Nathan took me for some very tasty food and beer, after which I caught one of those famous San Diego sunsets you hear about.

We went on a quick driving tour of the sights, what few we could see decently in the dying light, and I learned a few things. One, SD has a gorgeous nighttime skyline.

Two, my camera has a panorama feature.

Next backlog update: LA!

Wednesday, March 20, 2013

Day 20 - Sweet Release

I woke up this morning after ten hours of solid sleep, the first time this happened in recent memory. It was pretty awesome.

I ventured into downtown Seattle because it was Wednesday. Specifically, the third Wednesday since I'd left Indy and thus read new comics. I needed my fix! The people at Zanadu hooked me up with some uncut Saga fresh off the UPS truck. They're good people and treated me right.

The guy at the register also pointed me to Monorail Espresso, which served me the best macchiato ever. No joke.

Between the comics and the caffeine buzz, the shakes subsided. I found a nice place to read and got about halfway through when the rain started. I can now say I've had the full Seattle experience. I rushed into the Moore Coffee Shop located right next to the (surprise!) Moore Theatre. They did a very nice macchiato and had a place to sit down, so I can't bring myself to call one better than the other.

By the time I'd read my books, my aunt's class was over, so we met at Pegasus Pizza to have lunch. The food was great, the beer advice well-informed, and the conversation enthralling. My aunt's a pretty cool person.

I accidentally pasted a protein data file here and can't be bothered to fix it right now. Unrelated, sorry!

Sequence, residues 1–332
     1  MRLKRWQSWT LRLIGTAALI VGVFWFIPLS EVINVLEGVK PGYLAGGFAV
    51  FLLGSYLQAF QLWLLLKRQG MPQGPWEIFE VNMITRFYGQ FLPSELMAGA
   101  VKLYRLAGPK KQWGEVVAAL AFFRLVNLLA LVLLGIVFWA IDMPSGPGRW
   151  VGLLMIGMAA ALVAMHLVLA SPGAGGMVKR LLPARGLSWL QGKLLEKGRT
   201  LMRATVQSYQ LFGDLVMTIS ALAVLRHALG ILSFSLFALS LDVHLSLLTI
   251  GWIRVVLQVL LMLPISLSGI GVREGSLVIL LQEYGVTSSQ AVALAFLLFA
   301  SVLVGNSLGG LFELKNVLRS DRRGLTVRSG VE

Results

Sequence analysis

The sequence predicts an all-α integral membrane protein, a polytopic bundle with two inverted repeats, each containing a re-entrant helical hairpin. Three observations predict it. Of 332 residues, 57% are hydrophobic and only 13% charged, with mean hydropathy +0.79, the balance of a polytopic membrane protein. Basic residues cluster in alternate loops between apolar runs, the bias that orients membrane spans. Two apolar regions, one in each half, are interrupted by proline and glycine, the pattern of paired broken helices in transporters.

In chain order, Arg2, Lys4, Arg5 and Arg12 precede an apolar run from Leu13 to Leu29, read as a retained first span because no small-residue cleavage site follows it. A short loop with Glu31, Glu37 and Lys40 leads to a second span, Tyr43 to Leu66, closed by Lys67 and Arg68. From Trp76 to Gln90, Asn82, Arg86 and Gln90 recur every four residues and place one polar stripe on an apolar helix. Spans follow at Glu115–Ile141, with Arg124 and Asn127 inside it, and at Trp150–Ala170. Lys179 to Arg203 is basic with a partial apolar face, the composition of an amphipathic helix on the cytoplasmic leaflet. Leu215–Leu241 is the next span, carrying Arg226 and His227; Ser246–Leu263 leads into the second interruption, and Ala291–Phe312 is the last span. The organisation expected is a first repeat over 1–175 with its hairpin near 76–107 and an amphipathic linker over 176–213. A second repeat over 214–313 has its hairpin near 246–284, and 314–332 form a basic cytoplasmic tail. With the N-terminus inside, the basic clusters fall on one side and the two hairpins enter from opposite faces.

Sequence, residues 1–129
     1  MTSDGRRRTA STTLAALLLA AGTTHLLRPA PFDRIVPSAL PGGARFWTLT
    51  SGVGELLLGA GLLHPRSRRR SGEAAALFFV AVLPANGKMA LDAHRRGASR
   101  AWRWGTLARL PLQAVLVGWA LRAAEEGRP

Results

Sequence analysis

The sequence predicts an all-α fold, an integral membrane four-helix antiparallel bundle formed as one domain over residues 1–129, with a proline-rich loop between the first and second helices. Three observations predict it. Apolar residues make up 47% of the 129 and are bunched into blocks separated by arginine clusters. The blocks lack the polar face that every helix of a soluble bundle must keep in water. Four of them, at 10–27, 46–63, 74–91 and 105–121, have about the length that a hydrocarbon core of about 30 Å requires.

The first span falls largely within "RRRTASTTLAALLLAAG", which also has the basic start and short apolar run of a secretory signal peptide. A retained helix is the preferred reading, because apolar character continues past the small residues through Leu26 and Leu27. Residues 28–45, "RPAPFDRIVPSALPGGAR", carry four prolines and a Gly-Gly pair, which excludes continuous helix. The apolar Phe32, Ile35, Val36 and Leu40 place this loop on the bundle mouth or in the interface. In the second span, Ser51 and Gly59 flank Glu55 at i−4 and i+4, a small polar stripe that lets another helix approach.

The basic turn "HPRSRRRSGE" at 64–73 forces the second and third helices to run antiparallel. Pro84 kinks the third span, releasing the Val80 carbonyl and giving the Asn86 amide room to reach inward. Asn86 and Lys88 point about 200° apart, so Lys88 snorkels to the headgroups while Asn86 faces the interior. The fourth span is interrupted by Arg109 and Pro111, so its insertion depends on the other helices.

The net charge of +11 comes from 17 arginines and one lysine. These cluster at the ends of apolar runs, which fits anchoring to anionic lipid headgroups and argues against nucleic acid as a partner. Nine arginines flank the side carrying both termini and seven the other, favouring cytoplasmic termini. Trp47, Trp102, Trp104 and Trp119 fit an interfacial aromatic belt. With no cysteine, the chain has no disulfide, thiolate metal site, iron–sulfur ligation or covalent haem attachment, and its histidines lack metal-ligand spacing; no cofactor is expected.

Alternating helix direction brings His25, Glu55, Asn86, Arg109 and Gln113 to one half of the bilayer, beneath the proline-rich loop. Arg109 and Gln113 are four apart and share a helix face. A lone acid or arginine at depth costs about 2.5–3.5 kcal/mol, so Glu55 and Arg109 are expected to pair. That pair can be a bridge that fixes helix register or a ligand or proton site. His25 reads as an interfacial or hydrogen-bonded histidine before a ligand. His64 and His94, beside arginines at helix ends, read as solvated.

I toured the coastline afterwards ans saw a tiny Statue of Liberty. I checked and didn't see Nicholas Cage anywhere, but the tension never did completely fade away.

You have to look closely, but behind the statue is the Celtic Swell Pub. The staff was very friendly, and by the time I'd left, I'd written 1,100 words in my big novel project. This is big for me. I haven't gotten deep into this story in about a year. I worried I'd forgotten how. Worse, I feared I wouldn't like it any more, that years of work were destined to get put aside because I'd let it get too stale. I'm thrilled to report that not only did I find my place, I found myself mentally backing away, letting my fingers fly, and enjoying the stuff that came out. "Relief" fails to express what I felt as I was packing up to head back to the ranch, but that's where it starts, to be sure.

Short version: I had a good day today.

Tuesday, March 19, 2013

Day 19 - Catching Up

I haven't seen the Castillos in a long time. My aunt came to visit about a year ago, but her kids had the audacity to grow up and become people since I'd last seen them years ago. I find it intolerable that I'm that old, but I suppose I can allow it for now.

They live just outside Seattle, WA, in a house built out of love of the craft. My uncle constructs landscapes and interiors with heavy natural influences, my aunt is a masseuse and healer, and their combined efforts have made a residence the flows with a wonderful energy, an energy they reinforce with a welcoming and energizing lifestyle.

As promised, I'm going to post some of the pictures I've taken on my travels so far. I'll be breaking them up into regions to save space. This post will cover everything between Houston, TX, and Chandler, AZ.

As an Indiana boy, born and raised, I'm used to lots of green and either flat plains or gentle hills (when not dealing with circles of racetrack or corn dogs). Thus, any natural occurrence of desert or mountains astound me. Case in point:

I spent the night just outside of Carlsbad, NM. As a fan of Lee Child's Jack Reacher novels, I've read a lot of scenes that take place in cheap motels. This one came with a layer of dust. If it weren't for Lee Child, I'd have been displeased.

I woke up early so I could walk through Carlsbad Caverns and still make it to Chandler in one day. I'm going to spoil it for you - I could have spent a lot more time there. The drive up alone was gorgeous.